Hypoparathyroidism is a disease of chronic hypocalcemia and hyperphosphatemia due to a deficiency of parathyroid hormone (PTH). PTH and analogs of the hormone are of interest as potential therapies. Accordingly, we examined the pharmacological properties of a long-acting PTH analog, [Ala(1,3,12,18,22) , Gln(10) ,Arg(11) ,Trp(14) ,Lys(26) ]-PTH(1-14)/PTHrP(15-36) (LA-PTH) in thyroparathyroidectomized (TPTX) rats, a model of HP, as well as in normal monkeys. In TPTX rats, a single intra-venous administration of LA-PTH at a dose of 0.9 nmol/kg increased serum calcium (sCa) and decreased serum phosphate (sPi) to near-normal levels for longer than 48 hours, while PTH(1-34) and PTH(1-84), each injected at a dose 80-fold higher than that used for LA-PTH, increased sCa and decreased sPi only modestly and transiently (< 6 hours). LA-PTH also exhibited enhanced and prolonged efficacy versus PTH(1-34) and PTH(1-84) for elevating sCa when administered subcutaneously (SC) into monkeys. Daily SC administration of LA-PTH (1.8 nmol/kg) into TPTX rats for 28-days elevated sCa to near normal levels without causing hypercalciuria or increasing bone resorption markers, a desirable goal in the treatment of hypoparathyroidism. The results are supportive of further study of long-acting PTH analogs as potential therapies for patients with hypoparathyroidism. This article is protected by copyright. All rights reserved.
Disorders of mineral metabolism, including secondary hyperparathyroidism, are thought to contribute to extraskeletal (including vascular) calcification among patients with chronic kidney disease. It has been hypothesized that treatment with the calcimimetic agent cinacalcet might reduce the risk of death or nonfatal cardiovascular events in such patients.
PTH induces systemically administered mesenchymal stem cells to migrate to and regenerate spine injuries
- Molecular therapy : the journal of the American Society of Gene Therapy
- Published over 2 years ago
Osteoporosis affects more than 200 million people worldwide leading to more than 2 million fractures in the US alone. Unfortunately, surgical treatment is limited in patients with low bone mass. Parathyroid hormone (PTH) was shown to induce fracture repair in animals by activating mesenchymal stem cells (MSCs). However it would be less effective in patients with fewer and/or dysfunctional MSCs due to aging and comorbidities. To address this, we evaluated the efficacy of combination intravenous MSC and PTH therapy versus monotherapy and untreated controls, in a rat model of osteoporotic vertebral bone defects. The results demonstrated that combination therapy significantly increased new bone formation versus monotherapies and no treatment by 2 weeks (p<0.05). Mechanistically, we found that PTH significantly enhanced MSC migration to the lumbar region, where the MSCs differentiated into bone-forming cells. Finally, we used allogeneic porcine MSCs and observed similar findings in a clinically relevant minipig model of vertebral defects. Collectively, these results demonstrate that in addition to its anabolic effects, PTH functions as an adjuvant to intravenous MSC therapy by enhancing migration to heal bone loss. This systemic approach could be attractive for various fragility fractures, especially using allogeneic cells that do not require invasive tissue harvest.Molecular Therapy (2015); doi:10.1038/mt.2015.211.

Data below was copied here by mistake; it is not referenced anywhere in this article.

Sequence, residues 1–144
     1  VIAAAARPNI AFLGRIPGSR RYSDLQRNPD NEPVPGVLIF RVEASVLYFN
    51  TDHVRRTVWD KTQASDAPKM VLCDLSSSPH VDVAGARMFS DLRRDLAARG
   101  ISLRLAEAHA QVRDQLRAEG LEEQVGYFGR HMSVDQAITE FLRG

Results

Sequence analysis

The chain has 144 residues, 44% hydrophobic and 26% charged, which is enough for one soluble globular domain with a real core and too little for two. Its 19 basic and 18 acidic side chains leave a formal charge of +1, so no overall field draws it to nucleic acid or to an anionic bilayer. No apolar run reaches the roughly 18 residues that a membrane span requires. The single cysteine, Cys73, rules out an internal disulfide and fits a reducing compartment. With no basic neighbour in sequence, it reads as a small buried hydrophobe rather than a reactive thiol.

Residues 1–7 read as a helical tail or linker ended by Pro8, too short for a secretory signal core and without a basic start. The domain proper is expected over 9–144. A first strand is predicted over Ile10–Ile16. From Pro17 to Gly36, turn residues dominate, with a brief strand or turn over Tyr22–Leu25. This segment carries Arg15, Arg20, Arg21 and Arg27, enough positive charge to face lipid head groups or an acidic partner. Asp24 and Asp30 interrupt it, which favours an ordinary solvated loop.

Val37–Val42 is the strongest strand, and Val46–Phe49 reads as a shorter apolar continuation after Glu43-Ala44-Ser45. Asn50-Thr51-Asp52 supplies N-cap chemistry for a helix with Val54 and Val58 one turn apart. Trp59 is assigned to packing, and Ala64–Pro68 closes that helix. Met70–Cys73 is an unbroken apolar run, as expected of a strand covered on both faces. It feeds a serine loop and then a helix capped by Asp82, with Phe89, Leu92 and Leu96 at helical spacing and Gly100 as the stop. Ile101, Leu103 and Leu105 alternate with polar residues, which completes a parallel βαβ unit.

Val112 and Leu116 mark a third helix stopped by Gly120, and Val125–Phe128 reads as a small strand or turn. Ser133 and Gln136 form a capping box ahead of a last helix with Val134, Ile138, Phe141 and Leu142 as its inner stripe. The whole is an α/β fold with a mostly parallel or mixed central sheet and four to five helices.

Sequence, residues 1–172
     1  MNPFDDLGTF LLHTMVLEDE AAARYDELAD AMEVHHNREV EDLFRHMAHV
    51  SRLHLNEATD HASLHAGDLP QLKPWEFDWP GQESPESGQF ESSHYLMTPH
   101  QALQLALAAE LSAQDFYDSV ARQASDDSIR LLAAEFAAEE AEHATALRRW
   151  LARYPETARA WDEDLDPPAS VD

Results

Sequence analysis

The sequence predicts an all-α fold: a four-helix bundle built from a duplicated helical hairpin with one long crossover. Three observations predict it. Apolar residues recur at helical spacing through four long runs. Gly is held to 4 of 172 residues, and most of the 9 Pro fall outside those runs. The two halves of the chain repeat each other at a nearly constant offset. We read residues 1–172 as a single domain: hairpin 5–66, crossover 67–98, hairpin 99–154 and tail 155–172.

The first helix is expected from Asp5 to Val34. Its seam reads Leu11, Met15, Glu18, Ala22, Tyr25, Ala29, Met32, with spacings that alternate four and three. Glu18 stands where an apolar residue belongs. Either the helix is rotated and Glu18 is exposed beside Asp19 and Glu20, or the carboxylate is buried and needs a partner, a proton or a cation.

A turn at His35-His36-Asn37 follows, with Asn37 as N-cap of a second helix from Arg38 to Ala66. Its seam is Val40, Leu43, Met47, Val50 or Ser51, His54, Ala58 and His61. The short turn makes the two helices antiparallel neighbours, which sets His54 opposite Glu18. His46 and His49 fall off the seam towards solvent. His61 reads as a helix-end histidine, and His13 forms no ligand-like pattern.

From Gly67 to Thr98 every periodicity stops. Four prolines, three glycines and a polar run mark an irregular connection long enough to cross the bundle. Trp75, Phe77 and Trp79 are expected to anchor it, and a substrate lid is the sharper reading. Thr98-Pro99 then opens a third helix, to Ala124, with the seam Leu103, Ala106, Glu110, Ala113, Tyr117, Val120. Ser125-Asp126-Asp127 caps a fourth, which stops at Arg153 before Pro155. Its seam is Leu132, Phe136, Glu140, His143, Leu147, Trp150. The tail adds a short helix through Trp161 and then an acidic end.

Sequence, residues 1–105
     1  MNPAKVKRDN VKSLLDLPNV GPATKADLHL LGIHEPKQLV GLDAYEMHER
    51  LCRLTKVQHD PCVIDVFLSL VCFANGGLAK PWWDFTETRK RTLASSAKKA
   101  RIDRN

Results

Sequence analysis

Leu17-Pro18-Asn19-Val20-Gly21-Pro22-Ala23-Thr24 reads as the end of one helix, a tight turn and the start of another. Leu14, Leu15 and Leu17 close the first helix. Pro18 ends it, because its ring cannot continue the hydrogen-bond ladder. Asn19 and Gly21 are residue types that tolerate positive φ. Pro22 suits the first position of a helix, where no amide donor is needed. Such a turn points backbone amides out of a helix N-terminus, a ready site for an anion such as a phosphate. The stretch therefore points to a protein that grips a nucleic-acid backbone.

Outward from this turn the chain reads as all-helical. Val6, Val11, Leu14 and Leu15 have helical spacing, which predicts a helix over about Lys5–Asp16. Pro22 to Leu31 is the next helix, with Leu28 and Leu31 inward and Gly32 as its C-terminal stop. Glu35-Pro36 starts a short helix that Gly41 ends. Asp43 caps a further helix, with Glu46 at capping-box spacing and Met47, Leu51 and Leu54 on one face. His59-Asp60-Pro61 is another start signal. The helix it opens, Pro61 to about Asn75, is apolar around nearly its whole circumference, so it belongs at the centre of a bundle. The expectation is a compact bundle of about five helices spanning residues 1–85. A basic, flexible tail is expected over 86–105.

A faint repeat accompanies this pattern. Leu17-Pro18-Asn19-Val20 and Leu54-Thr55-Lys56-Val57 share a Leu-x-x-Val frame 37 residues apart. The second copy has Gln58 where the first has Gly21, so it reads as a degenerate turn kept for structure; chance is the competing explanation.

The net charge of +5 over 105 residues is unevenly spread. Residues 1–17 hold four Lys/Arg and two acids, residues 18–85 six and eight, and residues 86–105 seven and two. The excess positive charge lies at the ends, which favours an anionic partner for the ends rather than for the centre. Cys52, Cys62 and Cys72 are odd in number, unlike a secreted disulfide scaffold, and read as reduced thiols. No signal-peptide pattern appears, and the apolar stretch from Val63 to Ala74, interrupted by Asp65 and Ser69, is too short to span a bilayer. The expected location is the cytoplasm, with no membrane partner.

Hungry bone syndrome: still a challenge in the post-operative management of primary hyperparathyroidism.A systemic review of the literature.
- European journal of endocrinology / European Federation of Endocrine Societies
- Published over 5 years ago